The Crystal Ball. Or, Oops, Michael Stonebraker did it Again

Michael Stonebraker’s opinions and claims are always refreshing to read. He’s done a lot for our industry and for how we do data processing. Some of his claims are certainly right as well. Here’s an interview with him, telling us about his 5 predictions on the future of databases.

Of course, him being a software vendor, many of his claims should be read with caution. Today, the most popular DBMS (relational or not) are still Oracle, MySQL, and SQL Server. Even his “popular” PostgreSQL is still a niche player, let alone the almost forgotten Ingres and the never really popular Vertica columnar “NewSQL” database. Obviously, we’re not saying they’re bad databases, but they’re certainly not very popular. The same goes with SAP. Their Sybase databases have been surpassed by SQL Server both in quality and in popularity 10 years ago, when Microsoft forked the Sybase code into T-SQL. We hardly believe that Oracle and Sybase will have the “final fight” for RDBMS supremacy.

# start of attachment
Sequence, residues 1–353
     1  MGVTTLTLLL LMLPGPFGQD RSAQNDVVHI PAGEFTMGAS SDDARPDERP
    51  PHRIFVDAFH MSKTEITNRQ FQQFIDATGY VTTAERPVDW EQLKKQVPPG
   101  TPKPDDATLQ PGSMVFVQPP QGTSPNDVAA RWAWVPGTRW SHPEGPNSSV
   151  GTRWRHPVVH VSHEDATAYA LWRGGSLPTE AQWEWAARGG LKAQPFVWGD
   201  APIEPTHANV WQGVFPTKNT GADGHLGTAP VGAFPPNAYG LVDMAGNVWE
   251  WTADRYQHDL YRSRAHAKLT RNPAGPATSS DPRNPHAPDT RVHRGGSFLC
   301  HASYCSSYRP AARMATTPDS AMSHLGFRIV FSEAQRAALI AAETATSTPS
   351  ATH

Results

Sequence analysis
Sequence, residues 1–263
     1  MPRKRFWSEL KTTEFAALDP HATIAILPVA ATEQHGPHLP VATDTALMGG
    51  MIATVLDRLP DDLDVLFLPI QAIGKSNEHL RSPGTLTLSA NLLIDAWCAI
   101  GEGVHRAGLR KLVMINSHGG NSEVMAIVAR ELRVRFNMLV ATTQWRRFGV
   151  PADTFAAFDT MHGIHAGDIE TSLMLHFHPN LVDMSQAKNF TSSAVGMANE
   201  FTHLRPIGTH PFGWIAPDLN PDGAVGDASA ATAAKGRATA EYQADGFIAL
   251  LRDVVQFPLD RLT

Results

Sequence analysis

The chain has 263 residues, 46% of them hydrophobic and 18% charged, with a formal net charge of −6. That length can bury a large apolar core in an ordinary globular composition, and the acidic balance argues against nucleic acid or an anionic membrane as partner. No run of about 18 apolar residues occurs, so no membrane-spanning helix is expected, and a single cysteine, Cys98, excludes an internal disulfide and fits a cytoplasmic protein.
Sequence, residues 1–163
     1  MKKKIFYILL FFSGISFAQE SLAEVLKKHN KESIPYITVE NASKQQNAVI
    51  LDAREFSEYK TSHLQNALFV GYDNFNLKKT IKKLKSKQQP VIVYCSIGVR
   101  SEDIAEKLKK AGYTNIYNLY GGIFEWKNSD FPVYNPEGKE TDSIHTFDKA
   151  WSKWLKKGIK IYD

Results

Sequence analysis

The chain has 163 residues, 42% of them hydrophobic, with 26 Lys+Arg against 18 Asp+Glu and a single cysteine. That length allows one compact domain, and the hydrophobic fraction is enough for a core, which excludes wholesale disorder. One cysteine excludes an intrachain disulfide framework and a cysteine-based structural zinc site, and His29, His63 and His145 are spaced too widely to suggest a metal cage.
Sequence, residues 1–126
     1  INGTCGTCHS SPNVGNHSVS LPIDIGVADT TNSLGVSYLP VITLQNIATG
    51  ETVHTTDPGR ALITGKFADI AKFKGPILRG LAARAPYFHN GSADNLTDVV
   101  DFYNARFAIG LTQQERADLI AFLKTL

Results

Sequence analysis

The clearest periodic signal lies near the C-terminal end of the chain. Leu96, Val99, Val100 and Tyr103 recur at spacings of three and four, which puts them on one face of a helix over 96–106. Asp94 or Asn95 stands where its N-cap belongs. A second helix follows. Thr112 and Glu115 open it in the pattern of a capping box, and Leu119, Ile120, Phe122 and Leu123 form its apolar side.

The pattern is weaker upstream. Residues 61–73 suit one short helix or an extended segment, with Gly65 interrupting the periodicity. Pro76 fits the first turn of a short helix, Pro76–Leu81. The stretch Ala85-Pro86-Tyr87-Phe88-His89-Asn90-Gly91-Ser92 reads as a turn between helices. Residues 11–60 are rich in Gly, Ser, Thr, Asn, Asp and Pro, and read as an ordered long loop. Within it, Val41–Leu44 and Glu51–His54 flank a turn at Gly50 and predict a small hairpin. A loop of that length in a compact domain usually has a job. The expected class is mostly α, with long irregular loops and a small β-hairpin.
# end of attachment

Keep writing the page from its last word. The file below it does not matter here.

But again. That’s Mike Stonebraker, the salesman as in “The Traditional RDBMS Wisdom is All Wrong”

Column Stores: Teaching an Old Elephant New Tricks

Prof. Michael Stonebraker is a controversial visionary, who is known for nothing less than Ingres, Postgres, Vertica, Streambase, Illustra, VoltDB, SciDB, besides being a renowned MIT professor. My recent blog post about Stonebraker’s talk at the EPFL (host university to Prof. Martin Odersky, creator of the Scala Language and Co-Founder of Typesafe) has triggered a very interesting discussion on reddit.

While Stonebraker is very sure about his obviously biased claims that “The Traditional RDBMS Wisdom is All Wrong”, the bottom line of the reddit discussion included:

Interesting insight on SQL Server’s enhancement can be seen in this blog post by Microsoft’s Nicolas Bruno, who challenges the fact that column stores cannot be implemented by “traditional RDBMS”. As Nicolas Bruno stated, an “Old Elephant” can be taught new tricks. “Traditional RDBMS” have proven to adapt to long-term trends in the database industry. Their success isn’t based around the fact that they are mainly fast, or particularly well-designed to respond to niche problem domains. Their success is mainly based on the fact that they are designed according to Codd’s 12 Rules, and thus to be extremely flexible in how they separate data interfacing (SQL) from data storage.

A lot of additional insight and ongoing links can be found in these blog posts by Daniel Lemire, where he had challenged Stonebraker’s similar claims already four years ago: